Class Lotto Winners!

We got into all the classes we wanted…first choice for all of them.  I believe I have finally learned how to play the Reston Game.  You MUST have your form in before the due date, and then, on the opening day lotto, you may be pleasantly surprised.

So, suddenly our week is looking very interesting and full:

Monday:  Piano lesson, tumbling, Lucia time, art class

Tuesday:  Swim lessons, Odyssey of the Mind

Wednesday:  Spanish Class, Girl Scouts

Thursday:  Swim lessons

Friday:  Big sigh of relief at a quiet day

Saturday:  Tae Kwon Do

In addition, we’ve joined a gym where the whole family can go, so we’ll have trips to the gym every day and on the weekends.  Not to mention, lots of time to read and learn together at home, trips into the city or for special classes, and time to play with the people we love:  Owen, Lucia, Aidan, Alex, Maya, etc.

Very full days, and the weeks will fly by.

My Brain is Full…

Do you remember this cartoon?  I thought of it this week in reference to sweet Buster.  Chris’ parents were in town, and one of the fun things we planned was going into the city to see the Terra Cotta Warriors.  In an effort for our crew to have some information and understanding before we went, I printed off a teacher’s planning guide from the website.  (Chris’ parents have been to China, his mom several times, so they have a much broader base of understanding than any of the rest of us had.)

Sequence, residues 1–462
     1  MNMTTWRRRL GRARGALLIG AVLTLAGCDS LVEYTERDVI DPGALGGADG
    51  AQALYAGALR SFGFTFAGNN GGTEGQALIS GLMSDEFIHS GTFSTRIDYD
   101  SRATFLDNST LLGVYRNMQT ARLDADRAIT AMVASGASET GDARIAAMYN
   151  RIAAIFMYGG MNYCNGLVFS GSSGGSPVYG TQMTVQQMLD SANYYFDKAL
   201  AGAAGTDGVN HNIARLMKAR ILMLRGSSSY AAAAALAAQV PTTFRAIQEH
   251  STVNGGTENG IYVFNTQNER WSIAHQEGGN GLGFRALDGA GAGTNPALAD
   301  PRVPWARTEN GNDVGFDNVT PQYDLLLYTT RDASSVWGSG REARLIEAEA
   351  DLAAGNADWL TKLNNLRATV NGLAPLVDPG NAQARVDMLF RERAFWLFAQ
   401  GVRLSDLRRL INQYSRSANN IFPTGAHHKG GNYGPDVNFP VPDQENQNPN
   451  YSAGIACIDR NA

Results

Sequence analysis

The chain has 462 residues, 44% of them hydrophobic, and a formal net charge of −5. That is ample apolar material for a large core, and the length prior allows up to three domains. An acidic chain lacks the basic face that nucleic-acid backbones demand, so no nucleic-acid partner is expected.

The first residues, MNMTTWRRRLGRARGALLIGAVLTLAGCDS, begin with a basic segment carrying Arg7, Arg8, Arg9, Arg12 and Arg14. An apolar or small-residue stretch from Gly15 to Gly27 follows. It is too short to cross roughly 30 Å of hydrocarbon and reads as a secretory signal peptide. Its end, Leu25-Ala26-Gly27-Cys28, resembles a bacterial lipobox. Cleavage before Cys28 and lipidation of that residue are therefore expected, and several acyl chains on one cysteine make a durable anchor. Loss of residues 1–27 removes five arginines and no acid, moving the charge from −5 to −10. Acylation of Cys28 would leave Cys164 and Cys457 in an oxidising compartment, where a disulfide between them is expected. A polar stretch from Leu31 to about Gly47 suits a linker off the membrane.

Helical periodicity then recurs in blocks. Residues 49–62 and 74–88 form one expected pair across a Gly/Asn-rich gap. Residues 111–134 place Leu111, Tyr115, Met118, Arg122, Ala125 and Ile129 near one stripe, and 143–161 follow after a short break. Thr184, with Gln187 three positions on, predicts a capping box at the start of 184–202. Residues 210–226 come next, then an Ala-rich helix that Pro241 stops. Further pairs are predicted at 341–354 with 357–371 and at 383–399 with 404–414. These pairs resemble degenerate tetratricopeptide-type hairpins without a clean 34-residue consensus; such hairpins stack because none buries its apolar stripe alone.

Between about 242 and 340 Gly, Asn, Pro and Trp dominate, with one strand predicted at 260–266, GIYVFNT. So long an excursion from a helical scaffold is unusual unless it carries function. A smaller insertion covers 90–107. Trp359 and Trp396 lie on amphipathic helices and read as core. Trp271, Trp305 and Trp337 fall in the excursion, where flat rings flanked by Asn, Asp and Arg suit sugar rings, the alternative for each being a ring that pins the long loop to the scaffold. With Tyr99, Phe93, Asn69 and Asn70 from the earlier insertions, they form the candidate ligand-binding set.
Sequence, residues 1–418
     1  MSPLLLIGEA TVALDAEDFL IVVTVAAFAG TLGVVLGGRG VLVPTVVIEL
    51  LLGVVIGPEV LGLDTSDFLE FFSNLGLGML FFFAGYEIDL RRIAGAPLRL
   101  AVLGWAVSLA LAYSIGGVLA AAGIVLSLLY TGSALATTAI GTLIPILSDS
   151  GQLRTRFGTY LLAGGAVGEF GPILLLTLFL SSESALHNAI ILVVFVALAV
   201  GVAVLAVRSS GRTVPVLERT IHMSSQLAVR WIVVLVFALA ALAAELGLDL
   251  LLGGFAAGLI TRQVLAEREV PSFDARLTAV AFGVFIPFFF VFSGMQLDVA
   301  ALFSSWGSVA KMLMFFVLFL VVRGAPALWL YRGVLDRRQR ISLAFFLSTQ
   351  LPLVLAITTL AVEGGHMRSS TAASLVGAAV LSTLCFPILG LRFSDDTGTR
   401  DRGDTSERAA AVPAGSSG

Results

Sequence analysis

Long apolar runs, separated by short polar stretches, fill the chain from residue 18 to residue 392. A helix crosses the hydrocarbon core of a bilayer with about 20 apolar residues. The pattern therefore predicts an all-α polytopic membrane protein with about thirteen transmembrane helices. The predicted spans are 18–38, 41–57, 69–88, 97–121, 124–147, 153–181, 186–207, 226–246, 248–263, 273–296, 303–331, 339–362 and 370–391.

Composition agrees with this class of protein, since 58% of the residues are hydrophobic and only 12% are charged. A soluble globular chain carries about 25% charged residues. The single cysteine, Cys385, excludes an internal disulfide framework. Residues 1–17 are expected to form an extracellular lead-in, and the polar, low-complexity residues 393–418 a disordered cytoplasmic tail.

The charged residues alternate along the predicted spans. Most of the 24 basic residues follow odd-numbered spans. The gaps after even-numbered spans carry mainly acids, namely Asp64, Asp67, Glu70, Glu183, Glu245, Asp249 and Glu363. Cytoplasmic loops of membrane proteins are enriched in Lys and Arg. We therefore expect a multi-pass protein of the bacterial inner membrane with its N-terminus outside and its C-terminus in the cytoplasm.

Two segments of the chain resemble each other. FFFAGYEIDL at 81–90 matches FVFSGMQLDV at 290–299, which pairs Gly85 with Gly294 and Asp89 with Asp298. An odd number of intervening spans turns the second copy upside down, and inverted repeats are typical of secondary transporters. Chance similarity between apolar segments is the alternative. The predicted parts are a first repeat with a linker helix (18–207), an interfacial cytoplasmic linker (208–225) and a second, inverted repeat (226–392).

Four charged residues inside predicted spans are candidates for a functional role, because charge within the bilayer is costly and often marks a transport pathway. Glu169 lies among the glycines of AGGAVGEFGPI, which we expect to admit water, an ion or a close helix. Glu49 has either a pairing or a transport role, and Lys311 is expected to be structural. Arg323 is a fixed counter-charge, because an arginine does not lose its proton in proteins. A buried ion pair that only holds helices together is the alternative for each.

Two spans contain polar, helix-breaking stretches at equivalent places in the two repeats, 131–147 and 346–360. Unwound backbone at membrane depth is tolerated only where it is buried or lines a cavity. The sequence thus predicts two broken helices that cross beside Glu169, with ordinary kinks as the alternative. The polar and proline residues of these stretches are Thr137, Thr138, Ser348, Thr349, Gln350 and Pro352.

The teacher’s guide is wonderful.  Good pictures, tons of great information, and really helped us understand what we were going to see, yet how infinitesimal the number of warriors we were going to see was compared to the vast number at the actual site in China.  (The exhibit had about 15 full terra cotta warriors, plus some chariots and bronze statues.  The original site has over 7,000 warriors.)

As the children and I sat on the couch and read through the guide, Monkey was intrigued and interested, Yessa was half-interested, half just wanted to be part of the group, and the Buster, well, he stayed with it for 10 or 15 mintues, and then he was done.  He said he was done, he didn’t want to even hear any more, and finally I took him upstairs to hang out with Dad while the rest of us kept reading.  Hmmm, I thought.  I wonder how this will play out at the museum tomorrow.